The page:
We would like introduce you to a person that you may already know. He goes by the name Tim Jones, also known as the “the most veteran surf instructor in Europe”. He’s not young, but he’s definitely not old. Tim is a legend, a sort of super-legend, almost part of folklore! From the crispy Welsh coasts, to the pumping waves of the Canaries and now to the warm waters of Sri Lanka….

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Tim Jones. Photo : Alexis de Tarade

 

After our little session, we took advantage of that tall pile of experience, carried behind clear blue eyes and asked him to share some tips for novices and experts alike to remember before getting in the water off whatever coast they might ride.

The main advice he had was actually to get advice. Always listen to suggestions from Locals and take tips from people that have visited a spot. The best place to find this knowledge including wave size, tides and even localism is from surf shops and local instructors. A great place to get info if no local knowledge is available to you is from The Stormrider Guides and for a good place to find a local guide check out ridewithlocal.com

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Photo: Woodrow Walden

1 – Never surf alone if it’s your first time at a spot. The water hides plenty of surprises.

2 – Get a real local guide. Even great surfers lack the knowledge and understanding of the intricacies of a spot they have never surfed so make sure your instructor is a real local with experience not just a sweet tan.

3 – Don’t go straight in the water. The bigger the waves, the more time you should take to contemplate and understand the spot. No two spots are the same so don’t assume anything.

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Photo : Martin Schmidli

4 – The right board for the right waves. Make sure you are using boards that suit the size and shape of the wave you are riding. Pay attention to your fin choice as well. The wrong combination will have you struggling.

5 – Observe the spot and what’s going on in the water. Observe the entry and exit points carefully. Examine where you will enter the water and what is going on under the water whether there are rocks, reef or sand. The point of your trip is not to come home with a sweet scar.

6 – Find out the depth of the waves you are about to surf. Powerful waves often break over shallow water so watch your exit point. Never assume that a beach break is safer than a reef a break. A beach break drives just as hard!

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Photo : Martin Schmidli

7 – Understand the rips and currents at a break. Sit, watch and observe. Pay attention to experienced surfers that are already in the water. Time spent watching from the beach will save you time in the water.

8 – Pay attention to tides to realize the depth of the water. Check the report, watch the time, and ask a Local!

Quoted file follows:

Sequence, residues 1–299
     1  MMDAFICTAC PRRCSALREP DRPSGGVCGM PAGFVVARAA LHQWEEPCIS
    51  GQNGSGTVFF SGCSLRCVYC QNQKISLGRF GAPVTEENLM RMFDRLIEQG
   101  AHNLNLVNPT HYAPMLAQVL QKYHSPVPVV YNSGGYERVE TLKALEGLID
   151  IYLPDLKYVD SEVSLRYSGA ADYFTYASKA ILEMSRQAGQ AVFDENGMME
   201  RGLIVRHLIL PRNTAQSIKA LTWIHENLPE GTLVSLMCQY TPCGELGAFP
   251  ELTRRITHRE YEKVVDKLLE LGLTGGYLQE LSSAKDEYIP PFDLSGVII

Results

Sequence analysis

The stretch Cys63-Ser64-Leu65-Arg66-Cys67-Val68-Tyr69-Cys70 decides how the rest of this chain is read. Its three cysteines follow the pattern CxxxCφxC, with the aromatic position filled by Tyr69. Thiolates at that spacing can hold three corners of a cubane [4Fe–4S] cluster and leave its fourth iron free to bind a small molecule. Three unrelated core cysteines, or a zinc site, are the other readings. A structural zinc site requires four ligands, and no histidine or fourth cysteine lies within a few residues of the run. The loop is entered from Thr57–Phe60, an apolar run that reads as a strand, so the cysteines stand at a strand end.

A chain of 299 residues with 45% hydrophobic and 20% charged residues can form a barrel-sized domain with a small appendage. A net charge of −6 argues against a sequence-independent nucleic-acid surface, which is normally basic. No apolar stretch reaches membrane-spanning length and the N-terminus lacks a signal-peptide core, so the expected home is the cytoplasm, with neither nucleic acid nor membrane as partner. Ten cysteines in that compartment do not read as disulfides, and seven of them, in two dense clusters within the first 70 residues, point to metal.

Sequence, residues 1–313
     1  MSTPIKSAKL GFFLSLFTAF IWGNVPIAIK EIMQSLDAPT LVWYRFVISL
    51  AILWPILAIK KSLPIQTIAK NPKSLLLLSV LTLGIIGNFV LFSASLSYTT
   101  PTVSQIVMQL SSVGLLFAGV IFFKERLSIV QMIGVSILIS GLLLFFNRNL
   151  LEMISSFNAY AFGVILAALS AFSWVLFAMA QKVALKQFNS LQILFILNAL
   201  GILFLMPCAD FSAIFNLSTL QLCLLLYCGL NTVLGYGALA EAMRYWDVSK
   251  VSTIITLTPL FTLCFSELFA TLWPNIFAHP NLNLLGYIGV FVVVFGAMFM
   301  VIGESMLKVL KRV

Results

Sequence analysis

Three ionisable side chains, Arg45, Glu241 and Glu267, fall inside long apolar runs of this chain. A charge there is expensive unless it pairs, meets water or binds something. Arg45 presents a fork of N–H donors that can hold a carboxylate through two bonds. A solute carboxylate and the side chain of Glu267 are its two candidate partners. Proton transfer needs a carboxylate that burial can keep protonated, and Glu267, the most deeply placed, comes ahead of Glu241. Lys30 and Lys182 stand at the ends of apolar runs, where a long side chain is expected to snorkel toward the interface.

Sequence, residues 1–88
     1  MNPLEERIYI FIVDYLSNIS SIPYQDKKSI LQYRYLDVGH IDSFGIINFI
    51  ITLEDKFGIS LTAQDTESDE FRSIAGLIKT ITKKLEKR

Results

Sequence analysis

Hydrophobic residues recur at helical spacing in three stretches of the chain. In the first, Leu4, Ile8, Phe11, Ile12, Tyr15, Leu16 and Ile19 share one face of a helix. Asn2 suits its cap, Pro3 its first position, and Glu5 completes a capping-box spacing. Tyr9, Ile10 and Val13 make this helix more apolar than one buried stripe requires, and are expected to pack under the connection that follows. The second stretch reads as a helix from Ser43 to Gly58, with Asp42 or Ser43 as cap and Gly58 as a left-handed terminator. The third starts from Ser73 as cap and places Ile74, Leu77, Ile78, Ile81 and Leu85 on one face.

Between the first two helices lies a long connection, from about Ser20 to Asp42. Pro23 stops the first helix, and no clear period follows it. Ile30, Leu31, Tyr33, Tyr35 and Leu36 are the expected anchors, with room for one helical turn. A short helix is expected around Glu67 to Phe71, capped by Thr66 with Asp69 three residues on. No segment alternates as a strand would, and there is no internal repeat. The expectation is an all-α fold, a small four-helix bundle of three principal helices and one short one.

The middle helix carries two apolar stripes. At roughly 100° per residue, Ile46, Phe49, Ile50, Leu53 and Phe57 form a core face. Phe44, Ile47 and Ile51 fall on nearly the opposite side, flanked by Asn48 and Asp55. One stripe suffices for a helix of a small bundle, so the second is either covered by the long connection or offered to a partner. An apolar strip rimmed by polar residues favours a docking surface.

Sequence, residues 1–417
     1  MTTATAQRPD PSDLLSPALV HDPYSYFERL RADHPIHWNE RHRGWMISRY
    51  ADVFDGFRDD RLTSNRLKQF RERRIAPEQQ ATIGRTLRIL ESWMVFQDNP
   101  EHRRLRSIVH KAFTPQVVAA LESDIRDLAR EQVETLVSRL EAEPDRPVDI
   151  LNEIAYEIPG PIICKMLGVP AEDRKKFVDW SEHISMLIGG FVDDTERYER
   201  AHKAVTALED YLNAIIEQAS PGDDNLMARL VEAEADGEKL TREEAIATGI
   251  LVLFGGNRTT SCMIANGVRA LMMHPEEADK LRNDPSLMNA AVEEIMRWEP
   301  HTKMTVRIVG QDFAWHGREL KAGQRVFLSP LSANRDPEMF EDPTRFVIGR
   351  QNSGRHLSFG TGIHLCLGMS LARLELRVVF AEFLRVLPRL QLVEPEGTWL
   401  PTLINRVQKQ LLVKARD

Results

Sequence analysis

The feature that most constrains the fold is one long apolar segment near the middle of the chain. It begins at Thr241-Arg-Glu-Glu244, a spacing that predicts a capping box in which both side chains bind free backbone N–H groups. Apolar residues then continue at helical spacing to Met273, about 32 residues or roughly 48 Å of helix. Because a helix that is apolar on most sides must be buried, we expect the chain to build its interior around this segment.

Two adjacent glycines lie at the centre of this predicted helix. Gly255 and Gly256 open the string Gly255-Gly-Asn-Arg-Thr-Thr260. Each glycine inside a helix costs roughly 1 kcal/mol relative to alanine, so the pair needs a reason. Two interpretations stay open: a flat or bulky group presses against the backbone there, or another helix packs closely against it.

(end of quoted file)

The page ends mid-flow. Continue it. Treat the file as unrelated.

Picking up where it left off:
9 – Know your tide movements. There are a few spots worldwide that are good to surf at all tides. Different dangers arise at different stages of the tide. This goes for beaches & reefs. To get the full story, watch this video.

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Photo : Jesse Gardner

10 – A spot may be empty for reason If riders are leaving a spot, it could be due to conditions. Politely ask people coming out of the water if you are not sure. Don’t worry, they won’t bite, hopefully.

11 – Check water quality. Get informed about pollution warnings in certain zones. Be cautious after rainfall which increases runoff into the sea. Information can be found in the Stormrider Guides if not sure.

12 – Never paddle out in a crowd. 2 at a time is ideal. 3 is crowd. 4 is an insult to people already surfing the spot. You can endanger others and your crew by over-populating the spot. Wait your turn to come in.

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Photo : Jesse Gardner

13 – Don’t Be Shark Bait In high risk shark areas do not surf at dawn or dusk. Pee before you go in if possible. If you are bleeding get out the water. Don’t wear shiny objects. Check for seal population because you don’t want to surf next to their buffet!

14 – Dull your board. A razor sharp pointing nose is not necessary. Sand it down or install a small nose guard. Super sharp fins can be dangerous, a little sandpaper will help reduce the danger. Always brace in anticipation when falling. Cover your face above and under water.

15 – Check leashes. Make sure it’s in good condition so it doesn’t snap from a strong yank or pull of a wave. You don’t want to spend your time and energy chasing down your board.

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16 – Don’t forget the sunscreen. Your most likely injury is a mean sunburn. Use quality sunscreen and re-apply. Shirt or rash guards are recommended. You can tan your tits later.

17 – Sea urchins are not fun. Keep your feet off the sea floor if over rocks unless you want to spend your evening with tweezers picking out needles.

18 – Don’t surf where you can’t. Localism is a bitch, but if a local says not to surf somewhere it’s probably for your own good. Just sit back and enjoy the show.

19 – Ask a Local! ridewithlocal.com

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